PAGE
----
Drew’s professional experience includes his current position at Nadia Ramoutar Productions, where he is currently working for one of his mentors as a camera operator, editor, production assistant and he co-shot and edited a feature length documentary.
Drew worked for CollabCreation Films for a year and two months. He was co-manager, head editor, cinematographer, and graphic designer. He was the web administrator, and led the editing department by successfully editing the company’s most essential videos, trained interns and new associates, professionally filmed and captured live events, designed cover artwork for clients and administrated the company’s online/social media sites.
He also worked for Alliance Media for four months as a director, cinematographer, editor, and DIT, where he directed and shot coverage of live events, as well as transferred, logged, organized, and compressed media files for them.
Drew credits three of his mentors in Jacksonville for giving him emotional and professional support: Nadia Ramoutar, Isaac Brown, and Ana Habib.
Nadia and Drew are working on a documentary and he’s the editor, entitled, “It’s Huge”, a film following five diverse obese men and their journey to lose weight. They are in post production, hope to be finished by the end of the summer, and will be submitting it to film festivals as well.
His next project is a documentary, called “Curtain of Secrecy,” which is his producer Ramona Ramdeen’s senior thesis project. It’s about a famous Florida case in the 1950’s involving politics, an interracial adulterous affair, a subsequent pregnancy, drug addiction, mental hospitalization, and murder.
Drew is also writing his first feature length narrative script that he hopes to shoot later this year on location in Jacksonville.
His three mentors Nadia Ramoutar, Isaac Brown, and Ana Habib, all speak highly of him and his talent:
Nadia Ramoutar, Ph.D., stated, “Drew has been a joy to teach and mentor. He is a unique blend of creative and practical, innovator and rule follower. He has an incredible ability to tell stories as a visual artist and is also an outstanding actor, dancer and writer. Finding all these traits in one human being is rare - then wrap all that up in a caring humanitarian soul and you have a genius.”
She continued, “Drew is on top of all that a lovely, caring, kind and fun person. I wish him the very best in all his future endeavors. But Drew doesn't need luck - he knows the key to success in life is hard work. Drew is above all else a very industrious and resourceful young man. Drew is a wonderful filmmaker and has a dynamic career ahead.”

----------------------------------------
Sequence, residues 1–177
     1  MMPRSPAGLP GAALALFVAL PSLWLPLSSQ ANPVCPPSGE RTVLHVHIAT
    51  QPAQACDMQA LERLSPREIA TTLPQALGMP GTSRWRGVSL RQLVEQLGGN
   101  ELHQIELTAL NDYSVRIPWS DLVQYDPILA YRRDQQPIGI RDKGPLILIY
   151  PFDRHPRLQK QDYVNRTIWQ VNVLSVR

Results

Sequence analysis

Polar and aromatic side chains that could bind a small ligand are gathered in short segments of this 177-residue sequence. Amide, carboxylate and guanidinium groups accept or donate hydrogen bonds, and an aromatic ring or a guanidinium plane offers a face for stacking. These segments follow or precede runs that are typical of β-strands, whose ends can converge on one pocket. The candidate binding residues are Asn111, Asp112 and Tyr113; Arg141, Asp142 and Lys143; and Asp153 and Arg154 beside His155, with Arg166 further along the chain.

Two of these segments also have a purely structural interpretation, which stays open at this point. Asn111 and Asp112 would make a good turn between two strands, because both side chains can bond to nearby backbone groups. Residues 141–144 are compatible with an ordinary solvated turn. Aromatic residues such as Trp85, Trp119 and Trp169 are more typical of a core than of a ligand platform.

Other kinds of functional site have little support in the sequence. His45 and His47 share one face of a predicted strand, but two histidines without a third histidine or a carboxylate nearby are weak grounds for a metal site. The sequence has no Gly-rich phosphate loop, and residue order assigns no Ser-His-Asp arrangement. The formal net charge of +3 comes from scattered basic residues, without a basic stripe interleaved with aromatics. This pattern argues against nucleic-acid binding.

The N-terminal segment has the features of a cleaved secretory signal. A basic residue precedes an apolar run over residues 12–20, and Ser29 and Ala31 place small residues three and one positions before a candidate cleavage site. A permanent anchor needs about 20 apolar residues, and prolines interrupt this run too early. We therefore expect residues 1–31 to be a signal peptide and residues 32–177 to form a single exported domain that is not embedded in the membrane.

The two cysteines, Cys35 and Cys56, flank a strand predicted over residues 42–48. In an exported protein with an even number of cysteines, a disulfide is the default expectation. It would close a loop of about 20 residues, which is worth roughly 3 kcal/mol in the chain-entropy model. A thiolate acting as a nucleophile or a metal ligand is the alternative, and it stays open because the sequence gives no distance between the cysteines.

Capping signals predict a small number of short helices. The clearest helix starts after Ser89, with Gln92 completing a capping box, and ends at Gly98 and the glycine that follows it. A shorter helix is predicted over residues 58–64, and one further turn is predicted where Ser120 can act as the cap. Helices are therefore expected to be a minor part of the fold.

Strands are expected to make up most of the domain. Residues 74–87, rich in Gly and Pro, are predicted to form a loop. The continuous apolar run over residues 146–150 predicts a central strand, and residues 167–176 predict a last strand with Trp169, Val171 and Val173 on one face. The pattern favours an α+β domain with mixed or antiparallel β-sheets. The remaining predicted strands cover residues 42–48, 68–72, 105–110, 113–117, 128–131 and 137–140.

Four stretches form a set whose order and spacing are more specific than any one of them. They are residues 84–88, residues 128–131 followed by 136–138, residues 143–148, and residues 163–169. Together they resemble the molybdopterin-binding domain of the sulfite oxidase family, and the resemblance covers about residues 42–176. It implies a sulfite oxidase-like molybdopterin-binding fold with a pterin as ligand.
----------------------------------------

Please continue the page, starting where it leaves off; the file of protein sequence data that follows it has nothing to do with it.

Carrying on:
Ana Habib, one of Drew’s film instructors, remarked, “Drew Brown is a talented all-around artist who is extremely creative, has a unique sense of style and a lot of rhythm, which makes his films interesting, beautiful, and flow like a melody. He uses storytelling in such an effective way that I believe he can actually have a positive influence on his audience. Due to his dedication and humbleness seeing the progress from his first film class to receiving a Student Academy Award has been a pleasure.”
And Isaac Brown, another of Drew’s instructors, wrote, “Drew is a versatile artist who puts his heart into everything he works on. He showed a level of dedication on his school projects that made him a joy to have in class. He is truly a renaissance man; and to top it off, he is a kind and humble human being. I have no doubt he will go far in this world.”
What accolades and accomplishments for someone so young and amazingly, Drew doesn’t have representation. To the savvy agent and agency who signs him, you’d better have producing, directing, writing, acting, and dance departments in your agency to handle this multi-talented young man!
I asked Drew if he went on the obligatory rounds of meetings in LA after the awards ceremony and he replied, “There was no time because I had to return to Jacksonville and go right into finals weeks at the Art Institute.”
I’m sure he’ll be back. So a shout out to the entertainment world - you have been alerted! Drew L. Brown is a Gold Medal Student Academy Award winning filmmaker, director, producer, editor, actor, dancer, writer, artist, and awesome force of nature.
Drew’s IMDB listing is: http://www.imdb.com/name/nm6475153/news?ref_=nm_phs_nw\
His Vimeo page is: vimeo.com/drewbrownfilms
And the Facebook page for his Student Academy Award winning film is: Facebook.com/personthefilm
Drew can be reached at firstname.lastname@example.org and his cell is (904) 738-9272
©2015 Linnda Durre' , All Right Reserved